Like many of you we received the follow up complaint below from the BBC today. Those of you who’ve been away cast your mind back to our blog posts and complaints to the BBC and OFCOM ref Chef Antony Demetre’s comments on the Saturday Kitchen show that he ‘became a coeliac’ and ‘..eats as much pizza and pasts he can get every 3 months’. See our archive for all the previous blogs - then read on…
In a wierd co-incidence it didn’t go unnoticed by us that today there appeared a large PR feature in London’s Metro newspaper for city commuters on the joys of gluten free Quinoa featuring Coeliac chef himself - Antony Demetre! Ironically it was entitled, ‘Coeliac Awareness Week: How to give up gluten’. See here: Metro.
Well - we thought you know what they say ‘Any PR is good PR’. Yet we couldn’t help but think that the article which heavily focused on Antony’s career and his many restaurants was more ‘personal’ PR than ‘public’ relations PR. It seemed that this was his opportunity to redeem himself to Coeliacs and their friends and families for the faux pas he made implying he and people with Coeliac Disease like himself could continue to eat gluten.
In part that approach of ‘lie low then do a PR-y something or other’ may have worked. After all most Coeliacs want an easy life. Geez it’s hard enough reading every drink and food label let alone finding the time to write complaint emails or blogs! Plus the ‘glutengate’ incident as it’s been wryly called online was now over a month ago. Yet as if illustrating that Antony’s PR team really don’t know much about crisis PR, engagement, positive messages, celebrity branding etc they launched the piece in the London paper today whilst the BBC was still replying to many annoyed Coeliacs! Oh and did we mention that Coeliac Awareness week in the UK starts from next week not this? Ah, but we mustn’t grumble about small details like that!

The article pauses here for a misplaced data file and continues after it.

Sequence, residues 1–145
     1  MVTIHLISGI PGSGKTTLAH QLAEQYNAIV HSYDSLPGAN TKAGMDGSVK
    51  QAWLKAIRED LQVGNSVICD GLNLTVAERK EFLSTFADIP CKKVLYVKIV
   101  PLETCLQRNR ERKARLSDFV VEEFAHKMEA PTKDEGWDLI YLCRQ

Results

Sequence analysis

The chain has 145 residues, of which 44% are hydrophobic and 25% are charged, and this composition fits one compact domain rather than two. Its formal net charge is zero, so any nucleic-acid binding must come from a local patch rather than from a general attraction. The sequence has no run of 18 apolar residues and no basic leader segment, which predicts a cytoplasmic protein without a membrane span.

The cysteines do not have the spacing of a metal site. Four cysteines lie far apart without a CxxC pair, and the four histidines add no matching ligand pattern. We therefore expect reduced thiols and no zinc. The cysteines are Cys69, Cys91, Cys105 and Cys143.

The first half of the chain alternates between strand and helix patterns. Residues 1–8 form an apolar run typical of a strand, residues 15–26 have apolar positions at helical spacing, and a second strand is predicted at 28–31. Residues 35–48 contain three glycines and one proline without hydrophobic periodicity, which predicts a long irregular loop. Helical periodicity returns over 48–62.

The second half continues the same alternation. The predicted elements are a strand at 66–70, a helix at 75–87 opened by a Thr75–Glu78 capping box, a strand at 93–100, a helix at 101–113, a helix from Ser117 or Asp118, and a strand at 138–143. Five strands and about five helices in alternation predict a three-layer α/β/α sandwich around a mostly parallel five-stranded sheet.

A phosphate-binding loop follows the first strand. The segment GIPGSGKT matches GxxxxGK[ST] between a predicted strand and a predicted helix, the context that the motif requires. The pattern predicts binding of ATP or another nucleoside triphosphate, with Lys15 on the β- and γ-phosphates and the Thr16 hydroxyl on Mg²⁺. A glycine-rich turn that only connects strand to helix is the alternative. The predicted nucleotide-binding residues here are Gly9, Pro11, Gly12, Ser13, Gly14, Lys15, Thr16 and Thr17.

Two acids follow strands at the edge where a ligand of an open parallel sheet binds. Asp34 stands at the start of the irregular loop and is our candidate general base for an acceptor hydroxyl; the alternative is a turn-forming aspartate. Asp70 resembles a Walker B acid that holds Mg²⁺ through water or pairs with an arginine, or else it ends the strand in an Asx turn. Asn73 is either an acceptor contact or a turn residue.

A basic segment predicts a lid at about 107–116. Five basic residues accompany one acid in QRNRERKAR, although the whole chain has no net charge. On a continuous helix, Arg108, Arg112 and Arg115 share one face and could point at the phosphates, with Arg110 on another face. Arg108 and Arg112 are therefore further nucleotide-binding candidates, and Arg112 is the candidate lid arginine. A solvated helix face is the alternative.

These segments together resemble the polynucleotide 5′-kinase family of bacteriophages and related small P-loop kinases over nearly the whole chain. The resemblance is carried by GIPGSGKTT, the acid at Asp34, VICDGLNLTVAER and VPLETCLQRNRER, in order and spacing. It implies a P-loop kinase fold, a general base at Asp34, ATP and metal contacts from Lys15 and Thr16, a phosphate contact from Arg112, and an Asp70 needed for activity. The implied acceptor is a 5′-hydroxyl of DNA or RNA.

It’s also worth bearing in mind that like retail sales PR has a cumulative effect. After all were it not for the poor initial response from the BBC, his agent and then his agent’s blog post on Antony all of which smacked of ignorance of Coeliac Disease and a blase laissez-faire attitude on the condiition we’re sure that the complaints would have died down a lot earlier. I mean all we and many other Coeliacs wanted was an offical apology/ correction in writing or live on air on the following week’s show. After all a gluten free diet for us is for life not just for Easter. So we tend to remember faux pas, especially big ones on national TV by a chef claiming to empathise and be a Coeliacs himself.
So today for us it was:
+ 5 points to Antony for raising awareness of Quinoa
(as the article glossed over Coeliac Disease)
-10 was our score to him in our minds for original faux pas
Bringing todays PR piece in the Metro to a total of - 5
Aka still more work to do Antony if you really want to redeem yourself to Coeliacs and their friends and families. A proper sorry and offer to do some real long term awareness raising with the UK charity Coeliac UK might soften us all up a bit. In fact what would really win back our trust is if you actually took part in Coeliac UK’s challenge to eat gluten free for a week. After all judging by your comments on air we’re concerned that you don’t really understand Coeliac Disease or what going gluten free for life means. So we’re sure Coeliac UK could help you out with guidance to get you on the right track next week. You can join them here.